Pre-tutoring but not officially registering for a course is a more stealthy way of trying to gain an advantage.
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  • skieuropeskieurope 37928 replies6566 discussionsSuper Moderator Posts: 44,494 Super Moderator
    Pre-tutoring but not officially registering for a course is a more stealthy way of trying to gain an advantage.
    As with many things, the answer is "it depends." As an example, it may help fill the gaps if the student is moving up a level from CP to H,
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  • BKSquaredBKSquared 1202 replies4 discussionsRegistered User Posts: 1,206 Senior Member
    We did it backwards, lol. Kids' science department at our public HS was not strong so we sent them to be tutored by grad students from the local university over the summer to solidify their understanding of chemistry and physics. They had made A's in their AP classes, but they felt as if all they did was a good job of memorization without fully grasping the underlying concepts. Fast forward to college and both kids had classmates in their math classes who had already taken the applicable level of calculus or higher in HS. GPA padding occurs at all levels. Unfortunately that's what happens when GPA is the goal not the mastery of knowledge.
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  • InfoQuestMomInfoQuestMom 257 replies3 discussionsRegistered User Posts: 260 Junior Member
    @kiddie But how would that be much different than having a private tutor?
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  • CardinalBobcatCardinalBobcat 153 replies1 discussionsRegistered User Posts: 154 Junior Member
    "Not sure why officially repeating a course gives an unfair advantage. Since college frosh applicants must report all high schools attended, any repeated course will be visible as a repeated course."

    Only the grade received the second time around (at the student's own high school) would be calculated into the official GPA and class rank. That grade (and, therefore, the student's GPA and class rank) would inevitably be positively impacted by the prior coursework.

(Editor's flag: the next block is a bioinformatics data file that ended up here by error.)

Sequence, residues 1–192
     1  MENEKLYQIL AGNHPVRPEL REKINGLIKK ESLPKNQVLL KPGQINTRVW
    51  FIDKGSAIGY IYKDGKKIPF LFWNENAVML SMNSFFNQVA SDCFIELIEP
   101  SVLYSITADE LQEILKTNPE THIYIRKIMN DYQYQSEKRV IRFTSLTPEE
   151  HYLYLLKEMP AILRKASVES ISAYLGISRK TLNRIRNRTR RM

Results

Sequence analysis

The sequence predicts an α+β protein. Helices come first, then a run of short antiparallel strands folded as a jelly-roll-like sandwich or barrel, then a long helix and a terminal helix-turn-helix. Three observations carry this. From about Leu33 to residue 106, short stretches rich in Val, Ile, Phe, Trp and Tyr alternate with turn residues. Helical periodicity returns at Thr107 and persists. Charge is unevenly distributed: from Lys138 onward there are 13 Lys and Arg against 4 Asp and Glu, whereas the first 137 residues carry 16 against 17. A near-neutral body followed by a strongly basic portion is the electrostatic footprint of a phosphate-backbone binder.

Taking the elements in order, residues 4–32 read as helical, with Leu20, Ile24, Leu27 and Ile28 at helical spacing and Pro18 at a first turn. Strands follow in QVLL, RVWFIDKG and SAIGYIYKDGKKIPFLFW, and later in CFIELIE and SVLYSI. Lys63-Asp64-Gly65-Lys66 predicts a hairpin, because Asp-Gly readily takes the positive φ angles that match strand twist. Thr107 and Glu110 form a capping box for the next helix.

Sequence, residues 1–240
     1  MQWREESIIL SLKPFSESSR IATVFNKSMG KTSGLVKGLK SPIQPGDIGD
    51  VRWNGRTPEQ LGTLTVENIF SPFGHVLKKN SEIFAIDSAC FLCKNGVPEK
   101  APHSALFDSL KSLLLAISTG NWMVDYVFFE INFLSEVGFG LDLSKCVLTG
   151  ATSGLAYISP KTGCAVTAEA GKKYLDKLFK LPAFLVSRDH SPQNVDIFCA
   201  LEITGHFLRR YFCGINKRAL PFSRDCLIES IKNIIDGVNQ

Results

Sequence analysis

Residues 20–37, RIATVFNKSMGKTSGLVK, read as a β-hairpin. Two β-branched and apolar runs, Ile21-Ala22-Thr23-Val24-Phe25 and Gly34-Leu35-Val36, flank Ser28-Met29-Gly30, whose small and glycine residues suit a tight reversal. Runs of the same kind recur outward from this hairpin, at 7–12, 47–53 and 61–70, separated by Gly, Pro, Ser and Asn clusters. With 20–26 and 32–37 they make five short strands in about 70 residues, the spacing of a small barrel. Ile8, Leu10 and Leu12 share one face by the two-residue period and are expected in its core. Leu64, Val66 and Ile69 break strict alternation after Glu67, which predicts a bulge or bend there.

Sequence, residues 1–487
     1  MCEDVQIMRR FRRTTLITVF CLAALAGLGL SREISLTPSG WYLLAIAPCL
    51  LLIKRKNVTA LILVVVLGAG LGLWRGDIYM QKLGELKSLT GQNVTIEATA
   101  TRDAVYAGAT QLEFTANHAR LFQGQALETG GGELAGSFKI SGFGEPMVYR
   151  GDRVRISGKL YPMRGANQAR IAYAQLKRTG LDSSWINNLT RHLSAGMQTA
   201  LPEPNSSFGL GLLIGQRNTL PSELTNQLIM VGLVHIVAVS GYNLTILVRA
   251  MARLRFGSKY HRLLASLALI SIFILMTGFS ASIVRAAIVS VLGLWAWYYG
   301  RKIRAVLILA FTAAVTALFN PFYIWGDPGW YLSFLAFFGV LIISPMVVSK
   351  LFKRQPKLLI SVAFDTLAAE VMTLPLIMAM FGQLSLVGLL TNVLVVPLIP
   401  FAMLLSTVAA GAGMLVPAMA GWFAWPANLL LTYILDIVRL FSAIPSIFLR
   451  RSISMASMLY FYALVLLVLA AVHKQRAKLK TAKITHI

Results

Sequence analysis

Moreover, as I understood it years ago, students would often take the courses through rigorous "academic summer camps," rather than through traditional high schools, thereby avoiding the need to report. There's a whole industry serving this purpose.

    All of this raises serious questions of privilege, as the option to "pre-take" a class simply doesn't exist for students needing to work during the summer, or for students whose families can't afford to pay for the summer programs, etc., etc.

    There is also a tipping point -- if enough students are coming into a class having already mastered the material, the teacher's expectations may change, potentially further negatively impacting students entering the course without the extensive prior preparation.
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  • InfoQuestMomInfoQuestMom 257 replies3 discussionsRegistered User Posts: 260 Junior Member
    @CardinalBobcat Yes, summer prepping at costly centers is mostly about privilege and an obsession with prestige. There are such centers in my area. They offer summer prepping courses starting in middle school.

    Your observations about the tipping point is spot on. That’s how you end up with high rates of teen depression, burnout and even suicide in certain areas. No matter how hard you try, the bar keeps going up and the expectations insanely unhealthy.
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  • InfoQuestMomInfoQuestMom 257 replies3 discussionsRegistered User Posts: 260 Junior Member
    Of course, there are students that simply take a summer course that they cannot fit in during the school year due to sports or music participation. My kid is in band, which takes up 4 periods per 3 trimesters every single year. She is taking two courses this summer. One is through her school district because it is a graduation requirement, and it will count towards her school GPA. The second course is through a rigorous, nationally known provider to meet college admissions requirements. This course will not count towards her school GPA at all since it is not a graduation requirement and the school district is not granting credit.